According to the latest Government statistics, 39% of UK businesses have identified a cyber-attack within the last twelve months. As a company, we take our online security extremely seriously and have invested a significant amount of money into staff training and new IT solutions, such as our Portal, to help minimise the risk to our clients.

The emphasis is (rightly) on companies to protect their clients. However, a recent example from one of our clients highlighted the importance of us all being aware of the potential threats cyber criminals pose, and taking the necessary precautions to ensure that we do not become a victim of cybercrime.

We work with Compex IT for all our IT and IT Security needs and Director Mark Dodds has provided this helpful guidance regarding the threat of cybercrime and the practical steps you can take to protect yourself.

Identifying a Potential Threat

The most common way for a company or individual to become a victim of cybercrime is by a method known as phishing. Around 90% of data breaches occur as a result of phishing and around a third of phishing emails are opened, which shows that more can be done by individuals to ensure they are aware of the threat.

Phishing emails try to trick you into clicking a link, opening a file, or taking any action which causes harm. Attacks take several forms, each with a different way of trying to achieve a similar result.

  • Most phishing emails are sent to thousands of people at random. It might look like it’s from Amazon asking you to update your details, but the criminals have just thrown a lot of mud, hoping that some of it will stick.
  • Spear phishing is more targeted. It might include your name in the greeting and look far more ‘authentic’ and personalised.
  • Similarly, another more sophisticated method is a Business Email Compromise (BEC) attack. BEC attacks are usually targeted at a senior employee, or even the business owner, and try to trick them into transferring money or handing over sensitive information.
  • CEO fraud is when a company executive or the business owner is impersonated in emails to colleagues or clients. This can involve email address impersonation – or spoofing – and they often request funds to be transferred. Attackers take time to study emails to get the right language and tone to convince the recipient that it’s a genuine email. MPA takes this threat very seriously and would never make such requests via email. If you receive such an email, please notify us immediately.

How to Spot Phishing

Whilst phishing emails can look authentic, there are a number of warning signs that can help you identify a scam email.

  1. Misspelled words, websites or email addresses.
  2. Oddly named attachments.
  3. Who the email is addressed to.
  4. Poor grammar and punctuation.
  5. An unusual layout to the email.

The Objectives of Phishing Attacks

The impact of phishing attacks can vary, but the criminals have three main objectives:

  1. Data theft – scammers will use ‘credential phishing’ to steal your personal information.
  2. Malware – some attacks will install malicious software onto your device, which can potentially spread through your network. This could include spyware, which can log your keystrokes and track you online; or ransomware, which encrypts your data and demands a ransom to get it back.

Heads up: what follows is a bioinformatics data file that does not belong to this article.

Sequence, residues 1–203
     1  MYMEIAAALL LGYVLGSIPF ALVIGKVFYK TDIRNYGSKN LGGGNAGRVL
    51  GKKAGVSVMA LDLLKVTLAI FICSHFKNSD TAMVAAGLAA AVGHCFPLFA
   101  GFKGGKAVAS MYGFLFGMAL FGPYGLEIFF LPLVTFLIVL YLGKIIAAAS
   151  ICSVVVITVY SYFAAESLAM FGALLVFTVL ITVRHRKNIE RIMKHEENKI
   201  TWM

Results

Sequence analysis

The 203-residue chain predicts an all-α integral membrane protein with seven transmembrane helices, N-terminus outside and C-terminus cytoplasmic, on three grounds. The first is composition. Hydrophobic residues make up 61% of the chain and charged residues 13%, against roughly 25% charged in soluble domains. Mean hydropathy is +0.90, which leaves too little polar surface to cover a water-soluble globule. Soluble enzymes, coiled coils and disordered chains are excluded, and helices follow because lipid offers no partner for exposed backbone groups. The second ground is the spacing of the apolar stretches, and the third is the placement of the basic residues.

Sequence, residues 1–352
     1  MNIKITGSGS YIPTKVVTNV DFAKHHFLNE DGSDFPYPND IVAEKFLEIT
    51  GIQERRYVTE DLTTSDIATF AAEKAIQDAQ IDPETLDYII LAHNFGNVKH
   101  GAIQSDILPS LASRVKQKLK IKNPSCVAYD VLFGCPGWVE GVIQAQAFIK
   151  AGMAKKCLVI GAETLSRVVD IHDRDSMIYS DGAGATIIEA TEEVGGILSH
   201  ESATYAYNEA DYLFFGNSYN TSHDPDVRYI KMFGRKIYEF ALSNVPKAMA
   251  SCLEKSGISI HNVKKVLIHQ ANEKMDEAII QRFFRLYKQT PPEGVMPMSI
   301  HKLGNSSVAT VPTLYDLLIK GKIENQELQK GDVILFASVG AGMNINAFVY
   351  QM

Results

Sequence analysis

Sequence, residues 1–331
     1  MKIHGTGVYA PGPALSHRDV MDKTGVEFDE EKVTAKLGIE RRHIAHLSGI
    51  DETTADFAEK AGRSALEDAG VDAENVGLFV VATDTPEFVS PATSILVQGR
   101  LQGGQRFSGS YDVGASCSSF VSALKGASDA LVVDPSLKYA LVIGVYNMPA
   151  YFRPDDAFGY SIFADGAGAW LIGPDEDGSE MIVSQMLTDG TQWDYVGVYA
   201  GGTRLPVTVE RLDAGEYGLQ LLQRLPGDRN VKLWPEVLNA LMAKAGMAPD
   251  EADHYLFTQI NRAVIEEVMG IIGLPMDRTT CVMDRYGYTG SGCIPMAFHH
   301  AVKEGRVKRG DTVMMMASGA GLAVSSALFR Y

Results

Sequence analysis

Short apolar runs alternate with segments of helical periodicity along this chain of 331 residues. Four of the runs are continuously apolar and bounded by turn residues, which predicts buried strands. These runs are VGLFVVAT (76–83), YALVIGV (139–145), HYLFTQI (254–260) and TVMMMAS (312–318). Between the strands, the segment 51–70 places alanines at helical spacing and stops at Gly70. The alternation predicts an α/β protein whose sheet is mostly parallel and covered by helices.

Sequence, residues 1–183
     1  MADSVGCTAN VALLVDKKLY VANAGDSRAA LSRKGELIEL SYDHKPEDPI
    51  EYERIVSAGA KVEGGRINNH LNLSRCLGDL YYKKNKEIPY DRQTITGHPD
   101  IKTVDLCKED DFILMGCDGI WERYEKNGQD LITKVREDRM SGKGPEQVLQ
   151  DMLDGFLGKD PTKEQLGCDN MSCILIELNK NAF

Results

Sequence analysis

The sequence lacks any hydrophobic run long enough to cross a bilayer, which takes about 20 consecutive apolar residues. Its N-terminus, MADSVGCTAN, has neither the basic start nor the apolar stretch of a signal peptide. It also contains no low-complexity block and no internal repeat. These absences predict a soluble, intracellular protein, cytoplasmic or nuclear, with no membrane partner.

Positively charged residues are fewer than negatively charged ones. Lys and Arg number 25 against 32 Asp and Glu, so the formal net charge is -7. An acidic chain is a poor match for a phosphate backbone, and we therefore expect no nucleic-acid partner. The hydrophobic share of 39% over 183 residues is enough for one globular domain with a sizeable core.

3. Wire transfer fraud – CEO fraud and BEC attacks in particular attempt to persuade a target to transfer money to an account controlled by the attacker.

It’s a People Problem

Whilst virus protection can help, the human element remains a critical vulnerability for both businesses and individuals alike. 82% of breaches against businesses involved a human element! This is why MPA has invested significantly in staff training to ensure we remain vigilant against cyber threats.

It is essential that we do this, and that you remain vigilant too so that your data and your money can be protected. 1 in 99 emails is a phishing attack, so it is important that we all take the necessary individual action to minimise the chances of becoming a victim.

Action You Can Take

  1. Backup all data, every day
  2. Watch out for bad emails. Use software and if you are unsure, delete it.
  3. Keep all software 100% up-to-date, all the time.
  4. Hover your cursor over the sender’s name in your emails, as well as any website addresses. This will show you the actual email address used, or the website you’re being directed to, meaning you won’t visit a scam site.
  5. Check all emails to make sure they’re genuine. Even if they’re from close friends or colleagues.
  6. Use a password manager to make sure passwords are long and randomly generated, making them virtually impossible to guess.
  7. Implement multi-factor authentication across applications (where you use a second device to prove it’s really you logging in). Microsoft multi-factor authentication blocks 99% of account based hacks.
  8. DON’T log in to any of your accounts by following a link in an email. Go directly to the website that you always use and login that way.
  9. DON’T use the same passwords across different online accounts. Cyber criminals will often try your credentials on countless other sites once they’ve stolen them. Using different login details will keep your other accounts protected.

We hope you find this information helpful. If you have any concerns and would like to speak with us, please don’t hesitate to get in touch.